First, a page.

swansont 7287 Posted April 22, 2014 But it does because the only reason it requires infinite energy to move at c is because c is the speed limit and its approached hyperbolic. If it's not the speed limit and there is no speed limit, then as I mathematically proved, you could add vectors in the classical way with no special relativistic results, energy would continue being directly proportional to velocity as it appears to be in Newtonian physics. Exactly. In Newtonian physics, infinite speed requires infinite energy. This requirement does not go away. i.e. teleportation of massive particles at the maximum allowable speed requires infinite energy. Adjusting the value of c does not modify this, meaning that the two situations are not interchangeable. Teleportation still violates laws of physics. 0 Share this post Link to post Share on other sites

SamBridge 26 Posted April 22, 2014 (edited) Exactly. In Newtonian physics, infinite speed requires infinite energy. This requirement does not go away. i.e. teleportation of massive particles at the maximum allowable speed requires infinite energy. Adjusting the value of c does not modify this, meaning that the two situations are not interchangeable. Teleportation still violates laws of physics. But we can *pretend* it goes away to see what's missing from information taking a finite speed. Mathematically, this is called a "difference." It use to be that gravity traveling at a finite speed violated physics anyway, so your notion that different possibilities and scenarios can't be investigated with mathematics just because we don't currently observe it that way is moot, we already showed that they can, and they can even be very accurate. Edited April 22, 2014 by SamBridge -2 Share this post Link to post Share on other sites

Delta1212 896 Posted April 22, 2014 (edited) If physics is a racecar, you are asking how fast it would go if you took out the engine. When the overwhelming response is "Well, without an engine it's not going to go at all" you come back with "Yes, but we could replace the engine with something else." While this is true, what you replace it with will radically change the answer to the question. There are an infinite number of potential replacements, most of them probably aren't compatible with the car and even figuring out which, if any, are compatible is a monumental task. It's doubtful anyone here is going to put the amount of effort into rigorously coming up with a working solution, which means all we're left with is speculating about what may or may not happen if you replaced the engine with something that may or may not even fit under the hood of the car. Edited April 22, 2014 by Delta1212 0 Share this post Link to post Share on other sites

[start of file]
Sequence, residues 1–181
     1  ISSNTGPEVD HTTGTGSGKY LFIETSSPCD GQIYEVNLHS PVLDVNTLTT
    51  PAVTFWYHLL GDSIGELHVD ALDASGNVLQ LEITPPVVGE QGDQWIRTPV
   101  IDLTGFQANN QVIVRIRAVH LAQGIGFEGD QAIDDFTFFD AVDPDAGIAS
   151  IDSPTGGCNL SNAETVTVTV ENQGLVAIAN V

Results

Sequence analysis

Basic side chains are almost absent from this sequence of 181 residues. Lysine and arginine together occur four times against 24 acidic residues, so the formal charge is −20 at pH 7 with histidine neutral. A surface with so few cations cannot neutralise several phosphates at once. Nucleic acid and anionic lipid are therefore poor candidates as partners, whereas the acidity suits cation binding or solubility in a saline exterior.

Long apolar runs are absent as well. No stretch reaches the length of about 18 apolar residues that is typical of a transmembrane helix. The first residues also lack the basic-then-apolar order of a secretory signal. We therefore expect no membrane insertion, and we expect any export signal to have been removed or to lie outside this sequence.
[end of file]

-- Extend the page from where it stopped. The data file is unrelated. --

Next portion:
swansont 7287 Posted April 22, 2014 Tossing conservation of energy is a lot of "pretending". It implies the laws of physics aren't fixed in time, since that's the symmetry that gives rise to the conservation law. Once you've tossed that, you can't really use any other physics with any degree of confidence. That's a very different effect than changing the value of some constant, which has no effect on the form of the equations. It use to be that gravity traveling at a finite speed violated physics anyway, so your notion that different possibilities and scenarios can't be investigated with mathematics just because we don't currently observe it that way is moot, we already showed that they can, and they can even be very accurate. I don't think "gravity traveling at a finite speed violated physics" is true. And I'm not claiming that scenarios can't be investigated mathematically. That's a complete misread of my posts. 0 Share this post Link to post Share on other sites

SamBridge 26 Posted April 22, 2014 And I'm not claiming that scenarios can't be investigated mathematically. Then we have nothing to disagree on. 0 Share this post Link to post Share on other sites

Didymus 36 Posted May 15, 2014 If that's the case, swan, when two objects travel relative to each other, their relative speeds are definitively equal. If A is traveling away from B at a speed, B is moving away from A at an identical speed. Thus, relative speed can not yield assymetrical time dilation. 0 Share this post Link to post Share on other sites

pzkpfw 222 Posted May 15, 2014 (edited) If that's all there is to it (relative speed) then yes. That's the whole point of calling the "twins paradox" a "paradox". ... why does one twin/clock age more if A and B have symmetrical views of each other? The answer is that, due to acceleration, in the twins paradox you don't have a simple case involving only relative speed. The situation isn't symmetrical. Edited May 15, 2014 by pzkpfw 0 Share this post Link to post Share on other sites